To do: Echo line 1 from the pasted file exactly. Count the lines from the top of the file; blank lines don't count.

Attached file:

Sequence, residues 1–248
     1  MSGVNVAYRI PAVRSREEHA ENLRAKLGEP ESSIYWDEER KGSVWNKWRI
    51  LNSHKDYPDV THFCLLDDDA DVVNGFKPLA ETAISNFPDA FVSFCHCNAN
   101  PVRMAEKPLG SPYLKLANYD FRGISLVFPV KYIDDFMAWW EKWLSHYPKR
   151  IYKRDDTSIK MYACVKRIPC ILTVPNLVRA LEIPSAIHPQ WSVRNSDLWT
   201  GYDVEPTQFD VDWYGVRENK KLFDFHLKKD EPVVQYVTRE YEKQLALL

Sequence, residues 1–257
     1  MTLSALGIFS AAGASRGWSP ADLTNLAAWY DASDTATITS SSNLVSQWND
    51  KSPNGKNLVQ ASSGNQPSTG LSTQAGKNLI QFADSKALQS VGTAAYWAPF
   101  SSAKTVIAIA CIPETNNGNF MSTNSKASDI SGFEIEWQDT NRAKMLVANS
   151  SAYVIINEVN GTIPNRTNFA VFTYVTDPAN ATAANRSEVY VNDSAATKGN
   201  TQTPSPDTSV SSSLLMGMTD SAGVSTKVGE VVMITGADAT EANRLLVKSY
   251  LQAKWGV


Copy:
Sequence, residues 1–248